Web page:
Events & News


Shining Epilepsy Star: Kelly Pretz: epilepsy advocate, author, spokesperson, and champion

When Kelly Pretz was first diagnosed with epilepsy, she reacted by hiding her condition. However, realizing that this was not what she wanted, she has used this experience to help others and catapult her into a long list of inspired action in the epilepsy community. Some of the huge accomplishments she has achieved: publishing a book by 15 and speaking in Washington DC. as a representative of teens with epilepsy.  Kelly Pretz is a true shining epilepsy star.

1. How did you first react when you were diagnosed with epilepsy and what challenges did you face?
I was confused and scared.  I also had no idea what epilepsy was which made it even harder. I faced a lot of challenges.  I had to get on a medicine right away and we had to find the right amount for me to take.  It was hard to adjust to the medicine.  This also affected my whole family and they had to adjust. We didn’t know what I could do and what I couldn’t do or what might be dangerous for me.  It is a complete life change that happens overnight.

2. How did it feel to hide your epilepsy and why did you decide to come out and tell people?
I hated hiding my epilepsy.  I felt like my friendships were no longer complete because I was no longer sharing myself.  After a while I no longer wanted to hide it.  I had great friends and I knew I was losing them because I was shutting them out.  I knew it was time to take a chance and just do it.  I thought my epilepsy had made me different, but in the end I was making myself different by keeping this secret.

3. What is your advice for other teens who have been diagnosed with epilepsy?
My advice is to not let it define who you are.  Instead defy it and do not allow it to change you. 

4. Tell us about your book “Rain at Midnight”. What’s it about, and what lead you to write and publish it?
Rain at Midnight is about a teenage girl who hides her condition of epilepsy from her friends and her world and how she struggles with this.  It is the story of a journey and of coming to the realization that we all want to be accepted for who we are. I wrote the book while I was keeping my condition to myself, so it is about my experiences in some way and then some of it is fictional.

5. What have you been doing in the epilepsy community?
I have volunteered for 3 years at the Epilepsy Foundation of NJ.  I have started a "Purple Mission" in my high school- this year we celebrated our second Purple Day!  I made hundreds of beaded bracelets which I have sold and donated the money to EFNJ.  This year I invited other kids I have met along the way with epilepsy to join me in a bracelet-making day at the foundation.  I am also a senior girl scout and have earned my silver award by having a health fair last year.  I have just been approved to do my Gold award and will be creating a “Teen Mentoring Program” at the foundation.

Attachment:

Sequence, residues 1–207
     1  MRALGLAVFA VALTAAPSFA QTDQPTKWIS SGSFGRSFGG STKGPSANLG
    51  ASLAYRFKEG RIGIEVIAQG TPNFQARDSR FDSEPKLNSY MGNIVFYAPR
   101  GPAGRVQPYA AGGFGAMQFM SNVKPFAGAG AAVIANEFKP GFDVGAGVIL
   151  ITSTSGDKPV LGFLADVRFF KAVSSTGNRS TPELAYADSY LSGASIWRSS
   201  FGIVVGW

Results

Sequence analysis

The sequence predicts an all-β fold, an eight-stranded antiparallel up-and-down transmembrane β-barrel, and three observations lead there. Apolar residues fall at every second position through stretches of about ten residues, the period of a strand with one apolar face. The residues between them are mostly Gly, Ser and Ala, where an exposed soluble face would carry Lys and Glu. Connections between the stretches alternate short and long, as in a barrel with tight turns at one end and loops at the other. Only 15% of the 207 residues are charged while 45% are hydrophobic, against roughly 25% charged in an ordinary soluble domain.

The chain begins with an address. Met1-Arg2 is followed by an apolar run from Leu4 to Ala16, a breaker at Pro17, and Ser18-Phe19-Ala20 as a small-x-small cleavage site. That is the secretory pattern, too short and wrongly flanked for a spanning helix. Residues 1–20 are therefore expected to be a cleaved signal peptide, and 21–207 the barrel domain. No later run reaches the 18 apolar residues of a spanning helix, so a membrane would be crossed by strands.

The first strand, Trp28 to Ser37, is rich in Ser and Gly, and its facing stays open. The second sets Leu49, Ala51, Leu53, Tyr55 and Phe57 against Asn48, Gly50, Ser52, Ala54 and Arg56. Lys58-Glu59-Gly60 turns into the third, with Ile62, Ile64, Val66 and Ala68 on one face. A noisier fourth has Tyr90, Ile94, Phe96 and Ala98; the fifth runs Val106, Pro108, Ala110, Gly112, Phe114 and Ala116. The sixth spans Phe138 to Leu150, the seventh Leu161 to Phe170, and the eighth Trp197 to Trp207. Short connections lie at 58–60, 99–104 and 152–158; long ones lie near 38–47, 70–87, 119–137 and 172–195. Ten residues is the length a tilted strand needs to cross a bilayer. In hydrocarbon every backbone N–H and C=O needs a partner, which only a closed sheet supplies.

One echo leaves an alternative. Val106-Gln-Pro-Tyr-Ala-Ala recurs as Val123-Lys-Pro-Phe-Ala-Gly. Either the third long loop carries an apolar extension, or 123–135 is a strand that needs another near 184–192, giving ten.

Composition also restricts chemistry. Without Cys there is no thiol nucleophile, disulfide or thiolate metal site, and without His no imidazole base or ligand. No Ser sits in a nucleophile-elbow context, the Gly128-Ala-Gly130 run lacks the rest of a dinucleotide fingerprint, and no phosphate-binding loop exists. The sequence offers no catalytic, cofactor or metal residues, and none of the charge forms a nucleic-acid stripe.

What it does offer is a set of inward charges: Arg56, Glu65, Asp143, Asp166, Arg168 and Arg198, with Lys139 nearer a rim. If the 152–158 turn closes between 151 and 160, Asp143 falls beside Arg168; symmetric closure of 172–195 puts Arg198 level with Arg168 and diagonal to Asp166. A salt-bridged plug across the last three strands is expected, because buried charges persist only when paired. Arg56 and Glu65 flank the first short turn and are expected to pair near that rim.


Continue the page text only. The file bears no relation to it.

6. How did it feel to be one of the teens with epilepsy chosen to talk to Congress in March and what did you talk about?
I loved the whole experience!  It was so great traveling to Washington, DC. and meeting teens from other states- It was a true honor to have been chosen!  I spoke to congress about how important it is to not lose any funding for epilepsy research.  I also talked about my own experiences and some of the difficulties and prejudices I have faced along the way.

7. What’s been your most inspiring moment so far in your journey?
It is hard to choose one thing.  Getting my book published was very inspiring because it gave me the confidence to do what I have done.  Getting the EFNJ Community Service Award of the Year because it showed me how I can help others.  Going to Washington, DC. because it showed me how my voice can make an impact on a larger scale.

8. What are your plans and hopes for the future?
I will keep on volunteering at EFNJ.  I already have my next years Purple Day in the works and have already discussed with some school advisors about doing an event on a much larger scale.  I want to do whatever I can to get the word out.  I recently wrote to Mrs. Obama about my mission, asking if she would be interested in helping me get the word out.

9.  Anything else you’d like to say or share with us?
I thought when I first found out I had epilepsy my life would change but not for the better.  Looking back over the last five years I see this as a positive for me.  I think in some way I was supposed to have this condition because it would lead me to help others.  It is my dream to help all the other kids who felt the way I did at first.  This condition has given me a purpose and motivation to make a difference.


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